National Center for Effective Mental Halth Consultation
   

Stress and the Developing Brain

The stress response

The stress response refers to how stress influences the body and the brain: moving from basic body signals of "fight or flight", to feelings, thinking, and actions.

All of us experience stress. Under normal stress or sense of danger, the stress response includes body signals and feelings such as increased heart rate, hyper-vigilance, confusion, rapid breathing, numbness, chills, fear, terror — often described as "fight or flight". The brain processes sights, sounds, and smells related to the stressful or frightening situation and starts the process of producing stress hormones, including cortisol. This is how we experience our body's alarm system — signaling a threat of some sort. Under tolerable stress, we can experience enough clear thinking so that we can face the problem and take action toward a solution and stress relief. In fact, tolerable stress can build resilience — when we successfully manage the stress. defining ECMHC

Traumatic stress or sense of danger stimulates the stress response so that we feel overwhelmed. It involves sensations from the outside (sights, smells, sounds, etc.) combined with sensations from the inside (physical and emotional sensations — like we can't breathe, are terrified or panicked can't think) that are so strong that we feel "frozen" without options to re-establish a sense of calm, control, or make things different. It is the extraordinary nature of the trauma itself, combined with the intensity of the emotional and physical response to trauma that defines traumatic stress.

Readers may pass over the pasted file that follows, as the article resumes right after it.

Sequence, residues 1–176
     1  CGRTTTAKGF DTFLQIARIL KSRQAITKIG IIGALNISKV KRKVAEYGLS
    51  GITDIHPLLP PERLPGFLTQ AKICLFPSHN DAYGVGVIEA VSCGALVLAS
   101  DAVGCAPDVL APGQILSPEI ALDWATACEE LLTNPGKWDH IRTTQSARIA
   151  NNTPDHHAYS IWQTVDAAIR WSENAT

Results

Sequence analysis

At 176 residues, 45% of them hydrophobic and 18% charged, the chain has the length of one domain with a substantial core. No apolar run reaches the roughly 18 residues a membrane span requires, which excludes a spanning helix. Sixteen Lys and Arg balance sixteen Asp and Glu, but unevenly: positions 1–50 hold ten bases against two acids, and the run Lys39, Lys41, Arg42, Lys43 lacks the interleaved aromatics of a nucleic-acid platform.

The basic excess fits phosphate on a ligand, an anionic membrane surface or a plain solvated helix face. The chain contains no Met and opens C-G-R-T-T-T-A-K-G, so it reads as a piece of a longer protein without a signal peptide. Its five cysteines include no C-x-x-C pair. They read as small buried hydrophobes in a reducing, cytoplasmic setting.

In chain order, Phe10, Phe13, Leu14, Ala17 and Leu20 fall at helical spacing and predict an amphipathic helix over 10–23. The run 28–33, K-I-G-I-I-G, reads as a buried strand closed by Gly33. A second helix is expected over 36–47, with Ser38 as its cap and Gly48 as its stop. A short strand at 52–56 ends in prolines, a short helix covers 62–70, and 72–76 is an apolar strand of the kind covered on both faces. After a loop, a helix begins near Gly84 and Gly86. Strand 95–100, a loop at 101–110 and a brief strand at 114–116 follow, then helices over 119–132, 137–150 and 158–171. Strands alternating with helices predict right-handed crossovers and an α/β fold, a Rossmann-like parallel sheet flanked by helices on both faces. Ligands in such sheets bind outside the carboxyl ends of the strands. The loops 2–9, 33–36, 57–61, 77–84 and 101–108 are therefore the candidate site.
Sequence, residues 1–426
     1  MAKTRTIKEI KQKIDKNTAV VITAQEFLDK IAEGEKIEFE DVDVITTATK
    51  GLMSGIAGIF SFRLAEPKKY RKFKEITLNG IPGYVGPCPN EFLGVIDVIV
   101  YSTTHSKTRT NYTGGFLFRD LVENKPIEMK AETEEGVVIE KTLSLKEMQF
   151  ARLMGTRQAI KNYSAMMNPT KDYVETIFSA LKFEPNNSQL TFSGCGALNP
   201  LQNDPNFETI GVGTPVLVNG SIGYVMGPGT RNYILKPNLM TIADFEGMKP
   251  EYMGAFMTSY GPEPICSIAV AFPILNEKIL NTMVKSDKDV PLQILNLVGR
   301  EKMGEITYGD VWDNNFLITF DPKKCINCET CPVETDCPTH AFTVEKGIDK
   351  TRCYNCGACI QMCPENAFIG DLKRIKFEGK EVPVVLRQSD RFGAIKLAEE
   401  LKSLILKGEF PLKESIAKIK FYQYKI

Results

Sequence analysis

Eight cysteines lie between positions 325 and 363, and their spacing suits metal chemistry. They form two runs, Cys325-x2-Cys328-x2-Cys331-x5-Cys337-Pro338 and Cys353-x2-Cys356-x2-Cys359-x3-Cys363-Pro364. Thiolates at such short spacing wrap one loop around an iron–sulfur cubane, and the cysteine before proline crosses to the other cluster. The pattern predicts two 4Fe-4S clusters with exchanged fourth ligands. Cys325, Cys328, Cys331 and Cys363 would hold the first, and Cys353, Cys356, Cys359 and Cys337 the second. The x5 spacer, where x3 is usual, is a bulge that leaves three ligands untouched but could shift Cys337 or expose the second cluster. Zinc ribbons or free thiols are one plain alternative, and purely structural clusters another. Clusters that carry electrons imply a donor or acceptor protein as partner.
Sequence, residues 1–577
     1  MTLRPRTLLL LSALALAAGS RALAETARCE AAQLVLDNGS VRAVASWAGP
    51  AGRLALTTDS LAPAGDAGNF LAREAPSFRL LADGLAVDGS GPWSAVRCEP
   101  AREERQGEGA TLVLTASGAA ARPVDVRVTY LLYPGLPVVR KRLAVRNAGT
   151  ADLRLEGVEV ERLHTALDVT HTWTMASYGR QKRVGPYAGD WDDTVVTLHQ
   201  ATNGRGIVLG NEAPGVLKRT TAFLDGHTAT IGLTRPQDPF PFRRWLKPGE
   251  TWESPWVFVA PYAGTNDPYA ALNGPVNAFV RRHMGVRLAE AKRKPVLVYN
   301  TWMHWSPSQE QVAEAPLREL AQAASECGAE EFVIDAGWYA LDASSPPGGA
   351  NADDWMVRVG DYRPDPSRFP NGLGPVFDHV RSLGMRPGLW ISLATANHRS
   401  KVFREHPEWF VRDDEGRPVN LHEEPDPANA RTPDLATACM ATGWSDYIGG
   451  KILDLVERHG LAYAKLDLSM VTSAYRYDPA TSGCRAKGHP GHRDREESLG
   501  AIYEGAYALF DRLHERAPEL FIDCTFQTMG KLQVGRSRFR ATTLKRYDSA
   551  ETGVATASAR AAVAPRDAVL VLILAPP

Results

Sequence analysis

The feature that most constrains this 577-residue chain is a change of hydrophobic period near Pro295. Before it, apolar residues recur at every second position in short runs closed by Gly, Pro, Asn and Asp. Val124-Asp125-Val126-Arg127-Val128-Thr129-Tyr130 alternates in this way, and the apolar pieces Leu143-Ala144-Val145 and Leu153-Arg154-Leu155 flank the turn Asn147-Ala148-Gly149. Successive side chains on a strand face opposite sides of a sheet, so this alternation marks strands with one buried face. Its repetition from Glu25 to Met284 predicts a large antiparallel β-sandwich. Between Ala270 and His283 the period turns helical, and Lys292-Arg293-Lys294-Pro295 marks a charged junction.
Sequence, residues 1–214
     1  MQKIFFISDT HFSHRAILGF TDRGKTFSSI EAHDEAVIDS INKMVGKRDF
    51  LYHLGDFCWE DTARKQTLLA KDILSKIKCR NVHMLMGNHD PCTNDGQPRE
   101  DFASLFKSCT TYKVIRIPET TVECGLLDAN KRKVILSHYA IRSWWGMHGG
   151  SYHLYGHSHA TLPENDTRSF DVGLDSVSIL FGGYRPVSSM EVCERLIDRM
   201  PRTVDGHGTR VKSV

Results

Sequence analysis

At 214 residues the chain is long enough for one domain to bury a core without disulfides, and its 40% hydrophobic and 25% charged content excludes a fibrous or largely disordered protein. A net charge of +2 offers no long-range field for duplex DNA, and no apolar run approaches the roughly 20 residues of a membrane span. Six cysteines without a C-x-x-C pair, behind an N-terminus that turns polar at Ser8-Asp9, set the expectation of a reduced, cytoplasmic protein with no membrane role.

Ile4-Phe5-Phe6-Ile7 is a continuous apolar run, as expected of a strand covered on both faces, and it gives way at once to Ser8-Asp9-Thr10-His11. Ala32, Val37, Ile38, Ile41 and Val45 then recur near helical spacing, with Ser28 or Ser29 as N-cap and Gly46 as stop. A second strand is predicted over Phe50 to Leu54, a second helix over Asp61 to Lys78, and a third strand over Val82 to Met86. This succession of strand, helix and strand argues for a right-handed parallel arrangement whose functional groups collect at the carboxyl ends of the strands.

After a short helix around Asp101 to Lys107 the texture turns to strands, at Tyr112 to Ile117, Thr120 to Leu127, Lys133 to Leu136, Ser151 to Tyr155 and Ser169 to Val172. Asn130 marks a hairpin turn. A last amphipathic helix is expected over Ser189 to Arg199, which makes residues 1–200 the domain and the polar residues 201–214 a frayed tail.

Chronic or uncontrollable stress associated with ongoing stress over time or response to trauma triggers, causes repeated exposure to stress hormones and a change in the stress response system. The system that produces a cascade of neurobiological chemicals including cortisol will become down-regulated; that is, it will take less in the way of stimulation to turn it on, making the stress response more likely to even the slightest stress and lead to significant long-term effects or difficulties.

(Van Horn, 2008, used with permission)

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Georgetown University Center for Child and Human Development National Center for Effective Mental Health Consultation